For seniors, graduation can become a stressful time. Visiting family, dinners, ceremonies, coupled with the good-byes to friends and Dear Old State can complicate what should a joyous celebration. Here at Onward State, we want to help simplify your life come graduation as we offer our top 10 tips for taking your photo with the ubiquitous Nittany Lion Shrine.
1) Plan your shoot in advance.
There’s nothing like being “that guy” at the Lion Shrine on graduation weekend. You know, the one who can’t decide whether to sit on the Lion, lean against the Lion, stand behind the Lion, hold their dog with the Lion…you get the idea. You don’t need to schedule out every pose, but show up with an idea of some shots you want to do. This can also include wearing a nice outfit under your cap and gown to add some variety to your shoot.
2) Schedule your shoot away from graduation weekend.
This will be easier for some than others, but try and schedule time before or after the crowd on graduation weekend. If you want photos with your parents or other relatives, see if they can come up a day or two early, or stay later after graduation. If taking the photos alone or with friends, find a time during finals week that works for everyone. You will have much more time with the Lion which will give you a wider variety of photos, as well as more natural, relaxed poses.
3) Find a friend with an SLR (who knows how to use it).
While many point and shoot cameras these days have fairly advanced capturing capabilities, nothing will compare to a well composed and exposed portrait from a quality SLR camera. Chances are, you have a friend who owns and at least knows the basics of operating an SLR, and if not, they are rentable from MTSS for three days. Be sure the photographer is familiar with the camera and that you are comfortable working with them. If you are unfamiliar with their work, have them send you some samples before you waste both of your times. Finally, be sure to thank them with a drink at Cafe afterwards.
4) If using a point and shoot, turn the flash on.
If you are restricted to using a conventional point and shoot camera, the flash is your friend. Even in broad daylight, the point and shoot’s flash can even out harsh shadows that their exposure systems generally do not compensate for. This can lead to more professional looking photos by creating an artificial lighting source.
5) Shoot from a number of different angles.
Variety is the spice of life. A series of photos of you with different levels of a smile from the same perspective will lead to a bland set of portraits. Instead, change the angle from which the photos are taken. We all know the traditional shot, head on with the Lion, but why not have your photographer lie on the ground as you and the Lion tower over them, or a photo from the back with your arm around the Lion. Unique perspectives can create the most visually stunning photos you have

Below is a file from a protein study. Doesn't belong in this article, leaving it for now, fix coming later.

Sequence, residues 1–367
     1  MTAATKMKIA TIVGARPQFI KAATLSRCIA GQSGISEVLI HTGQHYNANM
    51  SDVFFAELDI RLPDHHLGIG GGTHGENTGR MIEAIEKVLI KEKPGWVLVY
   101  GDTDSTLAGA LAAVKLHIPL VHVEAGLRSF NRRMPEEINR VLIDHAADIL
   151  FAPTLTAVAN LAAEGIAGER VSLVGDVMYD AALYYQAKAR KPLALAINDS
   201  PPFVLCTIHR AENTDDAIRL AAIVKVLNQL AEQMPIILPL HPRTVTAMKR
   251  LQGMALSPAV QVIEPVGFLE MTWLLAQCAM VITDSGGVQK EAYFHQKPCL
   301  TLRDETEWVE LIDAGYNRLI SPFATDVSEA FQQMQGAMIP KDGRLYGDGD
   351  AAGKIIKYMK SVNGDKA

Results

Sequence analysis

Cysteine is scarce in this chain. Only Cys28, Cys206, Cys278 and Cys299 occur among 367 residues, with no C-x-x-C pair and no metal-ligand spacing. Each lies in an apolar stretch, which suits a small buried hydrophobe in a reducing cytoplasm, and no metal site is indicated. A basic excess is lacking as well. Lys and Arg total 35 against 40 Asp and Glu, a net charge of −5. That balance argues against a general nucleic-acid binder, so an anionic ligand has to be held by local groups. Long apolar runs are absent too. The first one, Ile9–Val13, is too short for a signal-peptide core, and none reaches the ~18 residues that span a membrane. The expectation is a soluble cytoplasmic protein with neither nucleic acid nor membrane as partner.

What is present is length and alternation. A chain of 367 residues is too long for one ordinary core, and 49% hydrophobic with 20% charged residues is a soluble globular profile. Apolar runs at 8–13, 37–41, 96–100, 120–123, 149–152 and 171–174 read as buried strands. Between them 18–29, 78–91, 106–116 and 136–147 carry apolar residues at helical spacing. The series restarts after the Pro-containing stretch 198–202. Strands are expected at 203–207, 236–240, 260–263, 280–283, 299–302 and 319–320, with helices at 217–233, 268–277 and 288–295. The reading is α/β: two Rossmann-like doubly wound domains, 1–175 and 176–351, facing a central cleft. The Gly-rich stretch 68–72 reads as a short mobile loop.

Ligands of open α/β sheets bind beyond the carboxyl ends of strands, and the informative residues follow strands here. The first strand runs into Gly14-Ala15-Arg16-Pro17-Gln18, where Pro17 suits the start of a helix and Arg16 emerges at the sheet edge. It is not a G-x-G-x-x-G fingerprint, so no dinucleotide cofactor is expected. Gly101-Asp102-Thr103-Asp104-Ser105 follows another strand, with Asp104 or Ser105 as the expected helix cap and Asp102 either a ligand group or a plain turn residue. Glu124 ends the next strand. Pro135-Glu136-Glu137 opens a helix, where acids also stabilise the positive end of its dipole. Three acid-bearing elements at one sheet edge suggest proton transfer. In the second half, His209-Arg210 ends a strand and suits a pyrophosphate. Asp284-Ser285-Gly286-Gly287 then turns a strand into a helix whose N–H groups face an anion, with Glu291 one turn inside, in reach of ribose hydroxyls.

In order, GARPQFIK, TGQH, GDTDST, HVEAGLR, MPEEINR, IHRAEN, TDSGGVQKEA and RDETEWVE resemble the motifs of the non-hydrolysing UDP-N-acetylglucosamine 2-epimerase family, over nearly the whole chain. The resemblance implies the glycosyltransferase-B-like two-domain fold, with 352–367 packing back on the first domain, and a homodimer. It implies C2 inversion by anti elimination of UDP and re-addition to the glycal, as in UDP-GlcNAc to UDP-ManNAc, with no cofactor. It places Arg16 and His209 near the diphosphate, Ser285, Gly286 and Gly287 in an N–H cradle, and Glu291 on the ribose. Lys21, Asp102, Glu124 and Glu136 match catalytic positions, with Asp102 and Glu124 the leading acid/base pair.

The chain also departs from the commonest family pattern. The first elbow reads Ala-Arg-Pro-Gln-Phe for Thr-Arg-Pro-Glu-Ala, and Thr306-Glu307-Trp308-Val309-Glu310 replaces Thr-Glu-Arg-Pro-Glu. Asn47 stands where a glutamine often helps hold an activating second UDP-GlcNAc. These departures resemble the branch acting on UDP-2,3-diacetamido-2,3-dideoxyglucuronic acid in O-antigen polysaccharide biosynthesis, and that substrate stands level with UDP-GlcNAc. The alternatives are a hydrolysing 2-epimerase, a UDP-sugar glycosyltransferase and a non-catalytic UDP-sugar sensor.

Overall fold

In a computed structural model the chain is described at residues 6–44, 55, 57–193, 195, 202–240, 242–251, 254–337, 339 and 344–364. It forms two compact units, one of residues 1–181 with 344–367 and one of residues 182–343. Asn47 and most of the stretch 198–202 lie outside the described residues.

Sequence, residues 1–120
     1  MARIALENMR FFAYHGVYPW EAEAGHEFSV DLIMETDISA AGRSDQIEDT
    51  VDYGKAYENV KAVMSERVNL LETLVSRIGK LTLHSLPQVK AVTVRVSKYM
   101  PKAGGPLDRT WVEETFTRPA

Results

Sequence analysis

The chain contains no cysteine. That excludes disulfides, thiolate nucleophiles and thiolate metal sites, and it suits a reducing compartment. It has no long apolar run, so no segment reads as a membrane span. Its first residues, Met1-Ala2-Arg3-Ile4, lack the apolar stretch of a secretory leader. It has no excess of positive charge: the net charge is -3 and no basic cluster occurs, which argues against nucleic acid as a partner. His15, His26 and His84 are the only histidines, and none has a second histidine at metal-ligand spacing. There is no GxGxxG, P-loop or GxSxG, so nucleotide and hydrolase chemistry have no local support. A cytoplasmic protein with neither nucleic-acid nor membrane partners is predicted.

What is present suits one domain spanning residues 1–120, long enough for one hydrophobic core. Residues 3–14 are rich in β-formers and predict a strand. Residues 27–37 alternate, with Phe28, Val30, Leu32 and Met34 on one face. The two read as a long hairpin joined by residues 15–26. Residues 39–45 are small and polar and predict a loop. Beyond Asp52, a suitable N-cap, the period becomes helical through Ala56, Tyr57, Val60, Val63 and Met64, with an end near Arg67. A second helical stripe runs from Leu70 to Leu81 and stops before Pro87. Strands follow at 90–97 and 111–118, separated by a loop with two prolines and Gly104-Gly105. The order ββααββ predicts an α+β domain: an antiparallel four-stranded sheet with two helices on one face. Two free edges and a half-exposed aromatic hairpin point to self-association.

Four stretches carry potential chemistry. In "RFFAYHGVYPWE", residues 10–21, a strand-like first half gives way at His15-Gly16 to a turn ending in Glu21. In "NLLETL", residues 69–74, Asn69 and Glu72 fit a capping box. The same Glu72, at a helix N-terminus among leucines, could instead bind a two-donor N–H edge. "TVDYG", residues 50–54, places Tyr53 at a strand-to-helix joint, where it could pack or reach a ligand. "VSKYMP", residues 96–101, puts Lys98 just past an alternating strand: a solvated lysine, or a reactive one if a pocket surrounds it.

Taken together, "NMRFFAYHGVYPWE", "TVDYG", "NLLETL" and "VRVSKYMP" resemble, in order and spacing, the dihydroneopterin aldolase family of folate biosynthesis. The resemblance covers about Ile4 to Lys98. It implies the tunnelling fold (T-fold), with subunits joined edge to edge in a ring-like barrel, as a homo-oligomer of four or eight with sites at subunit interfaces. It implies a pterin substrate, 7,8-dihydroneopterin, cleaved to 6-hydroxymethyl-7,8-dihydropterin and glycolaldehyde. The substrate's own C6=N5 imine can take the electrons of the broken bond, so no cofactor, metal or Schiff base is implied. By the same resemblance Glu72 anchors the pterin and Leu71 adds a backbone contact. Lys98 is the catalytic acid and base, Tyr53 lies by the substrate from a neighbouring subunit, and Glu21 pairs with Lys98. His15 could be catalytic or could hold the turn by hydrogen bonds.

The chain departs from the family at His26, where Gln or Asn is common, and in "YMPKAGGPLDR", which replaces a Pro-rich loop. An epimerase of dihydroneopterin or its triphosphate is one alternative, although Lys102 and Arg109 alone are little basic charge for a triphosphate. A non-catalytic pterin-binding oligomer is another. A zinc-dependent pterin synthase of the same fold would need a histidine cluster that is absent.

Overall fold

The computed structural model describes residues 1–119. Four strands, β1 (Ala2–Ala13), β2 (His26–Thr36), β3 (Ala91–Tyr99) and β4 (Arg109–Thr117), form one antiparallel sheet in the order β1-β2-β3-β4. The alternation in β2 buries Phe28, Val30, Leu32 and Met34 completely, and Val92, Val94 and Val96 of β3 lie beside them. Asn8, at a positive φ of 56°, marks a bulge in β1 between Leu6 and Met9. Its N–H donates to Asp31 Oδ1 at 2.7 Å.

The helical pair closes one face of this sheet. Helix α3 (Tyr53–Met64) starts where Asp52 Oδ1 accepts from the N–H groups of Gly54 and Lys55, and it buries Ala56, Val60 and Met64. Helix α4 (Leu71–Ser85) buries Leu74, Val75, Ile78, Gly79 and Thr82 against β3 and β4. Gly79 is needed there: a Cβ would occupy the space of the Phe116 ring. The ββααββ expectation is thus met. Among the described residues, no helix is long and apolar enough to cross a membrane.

6) For well-composed photos, aim for a cloudy day.
You know those giant umbrellas used on lights in professional photography studios? When taking photos outside, clouds act as natural versions of these light diffusers. Harsh, direct light will be reduced, exposing colors at their natural hues. This will also make photos easier to develop as the contrast in lighting will be greatly decreased.
7) Choose the time of day correctly.
If you are limited to a sunny day, there are still some rules to follow. While many would think that mid-day is a great time to take the photos because it is the brightest time of day, having direct overhead light will lead to harsh facial shadows, ruining the photos. Instead, aim for times when the sun is lower in the sky, in the morning or at night. For more dramatic photos, shoot during the “Golden Hour”, the half hour before and after sunset and sunrise. The low, diffuse light coupled with the colors of the horizon can produce beautiful portraits. During the summer, the sun sets behind the Nittany Lion Inn, eliminating the problem of harsh backlighting.
8 ) Use the rule of thirds when composing your image.
The rule of thirds in photography basically means this: split your image into a tic-tac-toe board and place your subject where two of the lines intersect. Placing the subject in the center of the photo can often produce awkwardly composed images. Placing the subject off-center will create a point of interest in the photo and place the focus on the subject.
9) Make sure your camera is set on highest resolution.
When Grandma gives you a puzzled look after you tell her to look at your senior pictures on Facebook, you don’t want to piss her off by telling her that the images are too small to print that 8×10 for the family room wall. While camera resolution options differ, be sure that you aren’t shoot anything smaller than 1600X1200 if you’re planning on printing enlargements up to 8×10.
10) Have fun!
Bring along some friends, some props, even some music (not recommended graduation weekend) and have fun with your shoot. The more natural the shoot feels and the more relaxed you are, the better the photos will turn out. Also, make sure your photographer takes some candid shots. Often times, candid moments between friends and family turn out to be the best at showing your personality in a photo. At the end of your shoot, have a water gun fight with your friends or play a game of duck, duck, goose around the Lion. The more fun the better!
We hope that these tips help you take great photos that serve as reminders of your awesome time here at Dear Old State. If you have any additional suggestions, feel free to share them below!